The “B-1 in lieu of H-1B Visa” – A Useful Alternative in Appropriate Situations
As this year’s H-1B filing season comes to a close, employers not able to submit their applications on time or those whose cases are not chosen in the H-1B lottery will be looking for other options. The B-1 visa is commonly considered as a possible alternative, but this category does not cover typical employment scenarios. B-1 visa holders can only engage in limited business activities, such as attending meetings and negotiating contracts. A B-1 worker cannot work in the U.S., receive payment from a U.S. source or actively run a business in the U.S.
What if a business has an urgent need for a skilled professional but H-1B is not an option? This is where a little-known provision in the visa laws–the “B-1 in lieu of H-1B Visa”–may be applicable. Provided for under 9 FAM 41.31 N11, this visa category is the child of its two namesake visa categories–combining some attributes of both visas but identical to neither. This visa is particularly appropriate for foreign businesses that need a foreign national to perform work in the U.S. for the benefit of the foreign-based business for a short duration.
Qualifying for B-1 in lieu of H-1B Employment
Unlike the B-1 category, the B-1 in lieu of H-1B classification does permit work in the U.S. The activity must meet the definition of a specialty occupation and the worker must be qualified (hold a bachelor’s degree or equivalent). For example, engineering, science, medical, and education industry professions typically qualify. Other professions not typically requiring a four-year degree such as some IT professionals, registered nurses and home health aides, and certain entertainment industry professionals would not qualify.
If the interviewing officer believes that the activities are not of H-1B caliber, she may require an H-1B petition be filed with USCIS for adjudication. Because this is a relatively obscure visa category, the Department of State has advised its officers that in order to avoid a possibly delay at the port of entry, embassy officers should add the following notation to the visa: “B in lieu of H, 9 FAM 41.31 N.11.”
Similar to the general B-1 categories, individuals in B-1 in lieu of H-1B will typically be admitted to the U.S. for no more than six months. Unlike the H-1B category, changes of employer are not permitted.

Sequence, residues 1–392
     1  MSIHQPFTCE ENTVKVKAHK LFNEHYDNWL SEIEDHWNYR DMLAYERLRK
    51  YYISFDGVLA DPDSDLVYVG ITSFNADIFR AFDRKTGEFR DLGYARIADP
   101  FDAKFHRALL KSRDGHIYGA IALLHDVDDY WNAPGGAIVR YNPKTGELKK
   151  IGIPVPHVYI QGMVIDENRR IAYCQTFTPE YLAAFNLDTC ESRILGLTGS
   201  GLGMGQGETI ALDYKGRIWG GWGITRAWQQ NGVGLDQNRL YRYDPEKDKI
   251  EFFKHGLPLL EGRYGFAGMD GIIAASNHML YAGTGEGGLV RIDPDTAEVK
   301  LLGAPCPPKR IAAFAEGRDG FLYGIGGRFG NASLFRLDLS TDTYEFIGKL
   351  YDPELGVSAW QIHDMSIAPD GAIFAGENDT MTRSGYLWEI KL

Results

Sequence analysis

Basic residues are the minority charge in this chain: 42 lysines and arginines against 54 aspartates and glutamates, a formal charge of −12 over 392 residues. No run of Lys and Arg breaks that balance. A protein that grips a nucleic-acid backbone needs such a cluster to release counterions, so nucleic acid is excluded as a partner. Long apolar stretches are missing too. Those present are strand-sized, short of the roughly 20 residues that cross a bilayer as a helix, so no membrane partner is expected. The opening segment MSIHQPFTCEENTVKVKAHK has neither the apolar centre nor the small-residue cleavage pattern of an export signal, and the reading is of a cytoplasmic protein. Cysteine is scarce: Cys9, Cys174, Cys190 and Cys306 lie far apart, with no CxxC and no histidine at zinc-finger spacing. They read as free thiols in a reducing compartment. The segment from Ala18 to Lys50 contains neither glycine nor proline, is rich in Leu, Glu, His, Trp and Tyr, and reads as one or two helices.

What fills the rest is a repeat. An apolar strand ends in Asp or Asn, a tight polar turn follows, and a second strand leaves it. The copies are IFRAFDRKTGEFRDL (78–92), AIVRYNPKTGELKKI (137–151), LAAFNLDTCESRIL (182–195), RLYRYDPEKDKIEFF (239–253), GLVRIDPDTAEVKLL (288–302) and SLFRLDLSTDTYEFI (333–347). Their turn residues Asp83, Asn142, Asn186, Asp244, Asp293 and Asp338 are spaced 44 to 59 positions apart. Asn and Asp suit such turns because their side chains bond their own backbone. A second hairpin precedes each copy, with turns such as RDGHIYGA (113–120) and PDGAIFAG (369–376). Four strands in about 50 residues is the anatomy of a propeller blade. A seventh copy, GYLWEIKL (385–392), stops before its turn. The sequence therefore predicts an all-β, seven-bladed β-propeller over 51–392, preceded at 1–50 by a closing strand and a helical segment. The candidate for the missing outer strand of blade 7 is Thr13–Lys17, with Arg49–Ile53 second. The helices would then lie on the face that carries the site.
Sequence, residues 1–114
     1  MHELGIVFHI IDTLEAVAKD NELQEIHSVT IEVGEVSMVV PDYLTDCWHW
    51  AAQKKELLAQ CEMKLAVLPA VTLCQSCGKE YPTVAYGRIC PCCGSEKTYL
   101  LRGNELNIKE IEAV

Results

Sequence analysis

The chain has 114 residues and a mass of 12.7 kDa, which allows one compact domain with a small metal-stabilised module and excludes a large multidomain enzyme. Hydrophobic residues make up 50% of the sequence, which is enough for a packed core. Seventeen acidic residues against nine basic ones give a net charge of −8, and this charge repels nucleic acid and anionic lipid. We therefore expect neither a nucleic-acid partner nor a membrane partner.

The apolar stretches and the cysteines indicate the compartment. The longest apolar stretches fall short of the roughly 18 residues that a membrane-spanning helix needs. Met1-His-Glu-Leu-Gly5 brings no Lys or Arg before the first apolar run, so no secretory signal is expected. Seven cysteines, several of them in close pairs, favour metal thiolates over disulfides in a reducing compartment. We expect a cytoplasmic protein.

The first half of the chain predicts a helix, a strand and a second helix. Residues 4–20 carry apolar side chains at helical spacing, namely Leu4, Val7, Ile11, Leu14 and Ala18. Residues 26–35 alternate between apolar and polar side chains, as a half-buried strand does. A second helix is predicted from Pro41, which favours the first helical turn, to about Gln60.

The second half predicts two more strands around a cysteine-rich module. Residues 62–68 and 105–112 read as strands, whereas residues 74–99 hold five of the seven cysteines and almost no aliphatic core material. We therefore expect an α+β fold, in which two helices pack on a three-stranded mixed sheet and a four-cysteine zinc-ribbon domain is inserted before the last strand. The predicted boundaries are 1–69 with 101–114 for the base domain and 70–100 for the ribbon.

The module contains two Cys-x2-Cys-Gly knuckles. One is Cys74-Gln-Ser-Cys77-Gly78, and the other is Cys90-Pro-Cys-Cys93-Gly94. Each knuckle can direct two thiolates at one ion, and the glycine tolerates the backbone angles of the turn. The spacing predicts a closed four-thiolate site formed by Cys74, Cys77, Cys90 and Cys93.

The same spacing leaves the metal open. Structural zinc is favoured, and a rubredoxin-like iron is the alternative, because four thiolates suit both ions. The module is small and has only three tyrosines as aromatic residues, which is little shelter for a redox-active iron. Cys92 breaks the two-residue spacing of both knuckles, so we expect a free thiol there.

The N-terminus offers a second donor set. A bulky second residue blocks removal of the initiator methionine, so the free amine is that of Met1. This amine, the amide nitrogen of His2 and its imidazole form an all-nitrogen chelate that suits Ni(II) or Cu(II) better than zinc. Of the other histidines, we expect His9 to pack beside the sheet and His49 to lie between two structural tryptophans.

Compensation Must Come from Abroad
The foreign worker can only be compensated by their foreign employer, they cannot receive a salary or remuneration from a U.S. source except for certain incidental reimbursements. Secretary of State Clinton clarified in a 2012 unclassified cable that where a U.S. business has a separate business abroad, the salary paid by the foreign entity to B-1 in lieu of H-1B workers is not prohibited. Employers seeking to qualify under this provision as a “foreign firm” are required to have an office abroad and have their payroll disbursed abroad.
Immigrant Intent Will be Reviewed
Unlike the general H-1B category, B-1 in lieu of H-1B does not permit dual intent. Meaning, like most other nonimmigrant visa applicants, an applicant for this visa will need to prove to the satisfaction of the embassy or border officer that their trip is truly temporary in nature. An improperly prepared application package or a finding of immigrant intentions can result in a much-dreaded 214(b) finding.
The B-1 in lieu of H-1B visa category gives employers another option under immigration laws to fill in short-term gaps in their workforce. With annual H-1B cap issues and significant preparation needed for traditional H-1Bs, the B-1 in lieu of H-1B may also be attractive as the application process is less burdensome. Of course, this category is not a substitute for the H-1B category, and it is contrary to immigration laws to employ a professional in the U.S. in B-1 in lieu of H-1B status for an extended period of time.